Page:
The natural result of abandoning a space program is that you get a country which you supply with humanitarian aid to sort out things like basic sanitation to launch stuff for you.

If shame could be mentioned somewhere within the same sentence with the words "Westminster" and "politician" this would have made for a nice "commemoration plaque" of national shame. Unfortunately, those 3 words do not quite go together. There is an odd one out. Usually the "shame" one.

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WHY did NASA probe go suddenly SILENT - JUST as it was about to send pics of remote ice-world?

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Re: Repair job

You never know, there are a couple of bandit garages on the last junction of the galactic bypass before Alpha Centauri. They are supposed to be cheap - they service vogons and making a prostetnic pay is rather difficult.

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Google's Cardboard cutout VR headgear given away GRATIS by OnePlus ... SELLS OUT

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This would explain some of the price differentials

Well, a decent set of lenses which does not introduce horrible chromatic aberration would cost at least 30-40 £. That would explain some of the price differences.

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Kobo Glo HD vs Amazon Kindle Paperwhite: Which one's best?

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Re: Kobo keeps you free

There is an excellent script that comes with Calibre which reformats Gutenberg (and other free ebook sources) content into Kindle format. I have loaded quite a few books on mine using this method.

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Voland's right hand
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The war is not being waged on the device

The device is a proxy - the real war is in the backend and is a war Amazon has won. Though if the war was being a device-only it would have won too. The software (and hardware quality is higher).

Our household started with both in the days of the first kobos sold in the UK (the ones resold by WHSmith) and the first kindle (the one with the keyboard). We kept that for a while, but nowdays I am actually inclined to even re-buy books I actually "own" on Kobo to get them on the kindle.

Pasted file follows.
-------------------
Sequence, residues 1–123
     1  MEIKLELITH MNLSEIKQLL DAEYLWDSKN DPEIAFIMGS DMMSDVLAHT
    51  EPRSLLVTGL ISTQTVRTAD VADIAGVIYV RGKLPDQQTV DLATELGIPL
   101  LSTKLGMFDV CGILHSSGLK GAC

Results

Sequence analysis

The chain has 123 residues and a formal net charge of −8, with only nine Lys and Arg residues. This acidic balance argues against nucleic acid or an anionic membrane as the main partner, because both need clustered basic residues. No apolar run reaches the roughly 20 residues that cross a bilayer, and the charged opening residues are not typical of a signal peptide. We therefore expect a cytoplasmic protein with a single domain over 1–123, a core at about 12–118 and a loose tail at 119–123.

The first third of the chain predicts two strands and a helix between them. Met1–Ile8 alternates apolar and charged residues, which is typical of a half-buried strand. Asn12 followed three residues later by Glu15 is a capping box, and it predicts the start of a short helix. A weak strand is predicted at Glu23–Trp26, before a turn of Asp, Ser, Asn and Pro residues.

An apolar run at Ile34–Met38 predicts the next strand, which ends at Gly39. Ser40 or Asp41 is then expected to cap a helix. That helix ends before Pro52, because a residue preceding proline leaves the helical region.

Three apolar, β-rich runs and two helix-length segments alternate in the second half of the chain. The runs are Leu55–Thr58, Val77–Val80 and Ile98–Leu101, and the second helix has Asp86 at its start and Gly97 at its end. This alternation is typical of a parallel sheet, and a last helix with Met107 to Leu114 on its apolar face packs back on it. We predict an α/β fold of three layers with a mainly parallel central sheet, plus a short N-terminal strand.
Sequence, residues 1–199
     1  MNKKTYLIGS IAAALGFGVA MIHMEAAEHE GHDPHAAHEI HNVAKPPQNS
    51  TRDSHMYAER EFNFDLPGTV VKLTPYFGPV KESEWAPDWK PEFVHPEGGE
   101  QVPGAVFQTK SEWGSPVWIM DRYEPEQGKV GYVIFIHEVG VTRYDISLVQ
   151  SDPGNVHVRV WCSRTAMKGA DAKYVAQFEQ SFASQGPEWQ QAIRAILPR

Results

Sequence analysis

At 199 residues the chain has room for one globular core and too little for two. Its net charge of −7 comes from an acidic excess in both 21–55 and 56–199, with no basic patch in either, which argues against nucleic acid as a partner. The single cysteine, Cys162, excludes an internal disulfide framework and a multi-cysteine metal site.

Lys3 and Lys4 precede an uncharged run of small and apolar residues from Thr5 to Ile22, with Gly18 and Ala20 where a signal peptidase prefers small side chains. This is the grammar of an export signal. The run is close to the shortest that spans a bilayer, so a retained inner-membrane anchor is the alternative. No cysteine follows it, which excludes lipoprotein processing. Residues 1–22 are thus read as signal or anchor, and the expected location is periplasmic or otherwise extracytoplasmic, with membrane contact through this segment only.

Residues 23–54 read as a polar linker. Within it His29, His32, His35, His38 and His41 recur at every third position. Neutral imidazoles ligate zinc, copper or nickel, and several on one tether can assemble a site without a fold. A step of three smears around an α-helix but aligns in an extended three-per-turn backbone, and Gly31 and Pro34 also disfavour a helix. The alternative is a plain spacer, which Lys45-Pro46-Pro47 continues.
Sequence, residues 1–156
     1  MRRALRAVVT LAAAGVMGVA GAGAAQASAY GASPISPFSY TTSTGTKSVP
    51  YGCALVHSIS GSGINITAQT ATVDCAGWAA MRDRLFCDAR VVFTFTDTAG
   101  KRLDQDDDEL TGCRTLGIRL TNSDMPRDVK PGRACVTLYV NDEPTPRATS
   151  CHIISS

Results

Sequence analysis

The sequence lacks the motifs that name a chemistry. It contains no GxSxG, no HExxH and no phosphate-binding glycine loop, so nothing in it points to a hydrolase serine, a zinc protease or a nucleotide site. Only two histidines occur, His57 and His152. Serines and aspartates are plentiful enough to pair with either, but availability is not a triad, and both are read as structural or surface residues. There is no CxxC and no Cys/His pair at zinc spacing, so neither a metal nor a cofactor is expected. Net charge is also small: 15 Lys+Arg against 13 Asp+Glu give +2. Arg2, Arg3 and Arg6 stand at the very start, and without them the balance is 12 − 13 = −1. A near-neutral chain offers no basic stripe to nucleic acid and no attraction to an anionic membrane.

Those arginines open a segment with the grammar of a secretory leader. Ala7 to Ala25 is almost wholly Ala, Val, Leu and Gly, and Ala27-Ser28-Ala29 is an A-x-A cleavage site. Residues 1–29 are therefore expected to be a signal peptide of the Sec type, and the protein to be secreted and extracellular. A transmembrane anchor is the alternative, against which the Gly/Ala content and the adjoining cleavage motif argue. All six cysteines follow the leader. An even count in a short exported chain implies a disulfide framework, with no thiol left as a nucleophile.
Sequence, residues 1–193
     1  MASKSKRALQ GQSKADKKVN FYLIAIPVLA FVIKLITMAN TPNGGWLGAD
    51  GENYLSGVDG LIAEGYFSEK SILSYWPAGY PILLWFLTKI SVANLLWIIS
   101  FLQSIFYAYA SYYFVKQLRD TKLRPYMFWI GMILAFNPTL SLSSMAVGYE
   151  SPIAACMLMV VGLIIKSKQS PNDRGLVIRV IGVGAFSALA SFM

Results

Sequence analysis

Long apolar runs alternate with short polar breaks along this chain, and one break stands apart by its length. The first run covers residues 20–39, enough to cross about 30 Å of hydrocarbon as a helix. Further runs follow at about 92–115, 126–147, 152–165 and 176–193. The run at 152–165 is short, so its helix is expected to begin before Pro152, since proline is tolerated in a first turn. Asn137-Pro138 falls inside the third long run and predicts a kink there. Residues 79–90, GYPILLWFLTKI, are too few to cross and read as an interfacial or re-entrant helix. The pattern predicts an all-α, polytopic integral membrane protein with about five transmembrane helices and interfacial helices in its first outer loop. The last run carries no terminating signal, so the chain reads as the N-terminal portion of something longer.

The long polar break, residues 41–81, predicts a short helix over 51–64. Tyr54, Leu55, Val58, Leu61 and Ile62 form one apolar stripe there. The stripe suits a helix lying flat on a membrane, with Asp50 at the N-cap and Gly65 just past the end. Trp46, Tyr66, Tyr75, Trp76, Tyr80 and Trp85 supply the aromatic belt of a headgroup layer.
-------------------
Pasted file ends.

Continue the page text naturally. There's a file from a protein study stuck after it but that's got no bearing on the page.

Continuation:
A recap after 4 years:

1. The 3 kobos we have had over the years are dead and buried now.

1.1 Flimsy USB connectors. I re-soldered or hacked 2.5mm plugs instead of them as they were broken, but all in all nowhere near Amazon old kindle (the newer ones are worse) build quality.

1.2. Seriously buggy software which breaks and cannot be recovered without a windows PC. After resetting it for the 8th? or 9th time I got sick of it and assigned it to the scrapheap. A device that needs a service laptop to carry just to fix it is not a device fit for purpose.

2. Amazon has managed to convince quite a few publishers that did not give Kobo international rights (especially kids and teenage books) to sell e-book version in Europe.

3. The Kindle bought at the same time as the first Kobo is still alive and in use. It is joined by a kindle app on every android device in the house and a new (though much flimsier) little 6 inch brother.

Check, Check, Mate. No more kobo in this house.

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Will rising CO2 damage the world's oceans? NOT SO MUCH – new boffinry

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Re: Not news?

Not quite correct in either case.

Ca and Si (for diatomic plankton) as well as microelements is the actual limiting factor to plankton formation, not CO2. The level of CO2 in the tropics and let's say off Alaska in spring is about the same. However, the tropical ocean remains crystal clear, mostly devoid of plankton compared to a blooming ocean in the temperate and polar regions. The latter simply have higher mineral contents due to the vagaries of seasonal circulation and/or more stuff being brought up from the deep by winter storms.

Depending on how much microelements and Ca+Si you add to your plankton soup you can get any result you like starting from "whoa this is good" and ending up with "certain doom".

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German army fights underground Nazi war machine hidden in Kiel pensioner's cellar

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Stalin and co just made folk vanish

Stalin also documented it. The big ERASURE of the tracks is Chrushov's job.

If you pick the 1952 edition of the World map printed in any Warsaw pact state you will notice an interesting anomaly - there are 16 Soviet republics, not 15. Stalin had no qualms to put his Super-Getto on the map. There is a 16th republic - the Jewish Soviet Republic which is beyond Kazahstan on the Chinese border. You can even see why too - the map shows rare earth, etc being mined in the area (what is missing is the Uranium mines and supporting industry, but that is an expected "detail").

If you pick the 1956 edition (I have both) that is missing. NEVER EVER HAPPEND Товарищ. Понятно? Chrushov and Co disappeared it from history completely (along with quite a few other things).

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Voland's right hand
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Indeed

Sounds like the nuthead 2.5 miles down the road (next village) from me who has a Churchill tank parked in his yard. AFAIK nobody is bothering him. He is not paying road tax on it and as far as I know it does not have a valid MOT and insurance :)